'Hoof rot' destroying wild elk populations in SW Washington - KPTV - FOX 12

'Hoof rot' destroying wild elk populations in SW Washington

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A debilitating disease is decimating Southwest Washington's wild elk populations.

According to the Washington Department of Fish and Wildlife, the animals are suffering from digital dermatitis, also known as "hoof rot," caused by a bacteria that grows in moist soils.

Lynn Bush, who lives in Kelso, recently saw a herd of infected elk bed down in a field in front of her home.

"Their hooves are just horribly deformed. And they can barely walk, the ones that have it. They just limp. And then they just lay down," said Bush.

Hunters in the area said elk numbers have decreased significantly in recent years, due in large part to the spread of the disease.

"Everybody's heartbroken over it," said Andy Huffman, who lives in the area. "Watching these poor animals, and there's nothing that can be done about it. They're in pain."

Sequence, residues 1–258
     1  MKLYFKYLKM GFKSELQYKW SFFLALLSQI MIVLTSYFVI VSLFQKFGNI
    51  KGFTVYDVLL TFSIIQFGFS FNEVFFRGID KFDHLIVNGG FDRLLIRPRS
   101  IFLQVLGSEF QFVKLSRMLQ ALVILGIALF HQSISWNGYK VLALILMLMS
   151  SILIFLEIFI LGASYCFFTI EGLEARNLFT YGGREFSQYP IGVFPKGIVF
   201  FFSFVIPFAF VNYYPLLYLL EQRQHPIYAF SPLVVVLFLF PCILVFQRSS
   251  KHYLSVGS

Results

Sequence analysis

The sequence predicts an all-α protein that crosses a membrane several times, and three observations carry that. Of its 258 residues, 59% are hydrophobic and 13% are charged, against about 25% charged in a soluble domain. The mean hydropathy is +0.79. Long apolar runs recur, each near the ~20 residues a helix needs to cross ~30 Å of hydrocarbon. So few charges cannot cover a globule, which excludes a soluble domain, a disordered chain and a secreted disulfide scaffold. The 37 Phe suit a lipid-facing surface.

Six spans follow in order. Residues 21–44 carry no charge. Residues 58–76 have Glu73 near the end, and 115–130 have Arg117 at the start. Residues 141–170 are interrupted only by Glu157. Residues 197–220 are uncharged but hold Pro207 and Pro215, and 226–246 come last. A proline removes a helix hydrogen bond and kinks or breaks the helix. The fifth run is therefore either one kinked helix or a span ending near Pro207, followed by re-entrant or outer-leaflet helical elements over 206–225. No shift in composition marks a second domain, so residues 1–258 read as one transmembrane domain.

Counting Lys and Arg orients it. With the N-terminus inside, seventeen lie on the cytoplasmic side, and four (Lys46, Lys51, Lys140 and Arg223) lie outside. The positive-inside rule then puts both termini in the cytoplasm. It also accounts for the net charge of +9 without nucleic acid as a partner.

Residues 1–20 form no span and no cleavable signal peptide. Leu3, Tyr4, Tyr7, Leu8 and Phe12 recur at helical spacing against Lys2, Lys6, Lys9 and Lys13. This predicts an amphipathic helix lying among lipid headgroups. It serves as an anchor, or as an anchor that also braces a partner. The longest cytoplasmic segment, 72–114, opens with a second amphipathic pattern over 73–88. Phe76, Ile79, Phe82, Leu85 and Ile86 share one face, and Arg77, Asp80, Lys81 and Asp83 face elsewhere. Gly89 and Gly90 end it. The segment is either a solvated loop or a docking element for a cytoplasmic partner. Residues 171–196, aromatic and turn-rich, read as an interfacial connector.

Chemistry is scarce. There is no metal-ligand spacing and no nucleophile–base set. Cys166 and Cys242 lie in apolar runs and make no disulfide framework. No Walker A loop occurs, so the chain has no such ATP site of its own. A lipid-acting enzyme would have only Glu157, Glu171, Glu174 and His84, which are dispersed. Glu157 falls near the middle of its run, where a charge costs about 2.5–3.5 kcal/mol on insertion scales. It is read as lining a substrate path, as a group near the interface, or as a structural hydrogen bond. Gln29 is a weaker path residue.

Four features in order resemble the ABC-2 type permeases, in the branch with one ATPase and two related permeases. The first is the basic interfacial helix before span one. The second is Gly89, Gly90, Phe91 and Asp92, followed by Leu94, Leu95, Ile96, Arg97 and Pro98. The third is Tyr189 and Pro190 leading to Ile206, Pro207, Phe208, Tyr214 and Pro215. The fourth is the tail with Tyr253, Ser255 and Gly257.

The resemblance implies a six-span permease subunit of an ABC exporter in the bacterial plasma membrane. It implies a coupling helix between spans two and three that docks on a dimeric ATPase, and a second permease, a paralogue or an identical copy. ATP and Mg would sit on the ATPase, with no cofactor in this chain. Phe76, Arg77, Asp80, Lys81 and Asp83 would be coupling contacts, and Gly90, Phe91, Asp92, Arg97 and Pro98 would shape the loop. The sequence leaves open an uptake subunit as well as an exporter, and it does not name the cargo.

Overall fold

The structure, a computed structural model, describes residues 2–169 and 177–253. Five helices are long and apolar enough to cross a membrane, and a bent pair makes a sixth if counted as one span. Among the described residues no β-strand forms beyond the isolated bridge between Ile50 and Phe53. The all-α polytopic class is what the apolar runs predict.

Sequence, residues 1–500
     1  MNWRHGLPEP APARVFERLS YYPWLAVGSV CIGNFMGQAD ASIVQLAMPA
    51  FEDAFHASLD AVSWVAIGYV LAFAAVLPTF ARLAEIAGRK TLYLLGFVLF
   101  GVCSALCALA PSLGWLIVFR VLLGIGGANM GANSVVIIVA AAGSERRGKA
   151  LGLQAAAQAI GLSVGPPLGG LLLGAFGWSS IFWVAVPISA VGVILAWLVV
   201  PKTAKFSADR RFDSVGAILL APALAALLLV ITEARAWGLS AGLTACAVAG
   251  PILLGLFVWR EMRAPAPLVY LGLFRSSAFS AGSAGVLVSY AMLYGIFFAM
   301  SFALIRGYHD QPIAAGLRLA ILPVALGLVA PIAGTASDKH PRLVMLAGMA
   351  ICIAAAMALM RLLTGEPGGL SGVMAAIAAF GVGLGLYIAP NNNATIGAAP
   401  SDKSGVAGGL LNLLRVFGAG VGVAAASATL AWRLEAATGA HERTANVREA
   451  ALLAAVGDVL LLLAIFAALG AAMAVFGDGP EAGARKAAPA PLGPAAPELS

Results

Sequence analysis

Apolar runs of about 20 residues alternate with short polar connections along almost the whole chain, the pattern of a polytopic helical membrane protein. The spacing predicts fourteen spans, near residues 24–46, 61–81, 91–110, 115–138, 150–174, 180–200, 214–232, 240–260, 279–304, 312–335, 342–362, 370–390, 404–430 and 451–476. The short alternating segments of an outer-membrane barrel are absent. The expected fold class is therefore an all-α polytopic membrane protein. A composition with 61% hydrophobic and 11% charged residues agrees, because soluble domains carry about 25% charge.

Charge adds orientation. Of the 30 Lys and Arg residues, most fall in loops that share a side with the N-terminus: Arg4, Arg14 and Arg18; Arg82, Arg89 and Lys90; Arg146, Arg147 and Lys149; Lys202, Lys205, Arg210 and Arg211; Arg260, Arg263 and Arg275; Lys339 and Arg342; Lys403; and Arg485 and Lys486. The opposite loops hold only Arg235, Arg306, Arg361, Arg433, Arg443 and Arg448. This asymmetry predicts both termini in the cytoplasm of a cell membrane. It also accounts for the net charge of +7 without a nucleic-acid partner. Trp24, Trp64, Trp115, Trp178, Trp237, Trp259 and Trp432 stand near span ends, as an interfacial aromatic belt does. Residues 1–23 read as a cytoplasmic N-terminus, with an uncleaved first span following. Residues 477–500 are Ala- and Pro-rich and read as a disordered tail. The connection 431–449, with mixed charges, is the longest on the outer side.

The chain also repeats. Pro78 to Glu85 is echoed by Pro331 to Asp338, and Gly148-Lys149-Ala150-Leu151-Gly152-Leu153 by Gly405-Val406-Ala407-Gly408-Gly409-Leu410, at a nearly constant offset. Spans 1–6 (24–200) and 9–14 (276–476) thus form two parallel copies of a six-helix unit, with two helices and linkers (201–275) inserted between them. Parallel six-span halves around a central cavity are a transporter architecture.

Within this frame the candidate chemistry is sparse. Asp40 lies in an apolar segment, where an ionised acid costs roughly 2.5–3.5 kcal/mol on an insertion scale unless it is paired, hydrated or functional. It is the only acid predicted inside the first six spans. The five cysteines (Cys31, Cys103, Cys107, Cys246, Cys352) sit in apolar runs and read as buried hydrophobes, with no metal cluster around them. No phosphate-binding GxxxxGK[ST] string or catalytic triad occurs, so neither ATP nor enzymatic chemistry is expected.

The Department of Fish and Wildlife reports sporadic sightings of the disease as far back as the late 1990s. But now believe the disease is widespread, seen in 10 counties in Southwest Washington, including Clark County and Cowlitz County.

Currently, there is no vaccine for hoof rot, and no effective way to treat the disease in the field.

In extreme cases, infected animals are euthanized to end their suffering.

Wildlife biologists are studying infected herds to see how many of the animals survive and reproduce, but for the time being, there is no plan to address the problem.

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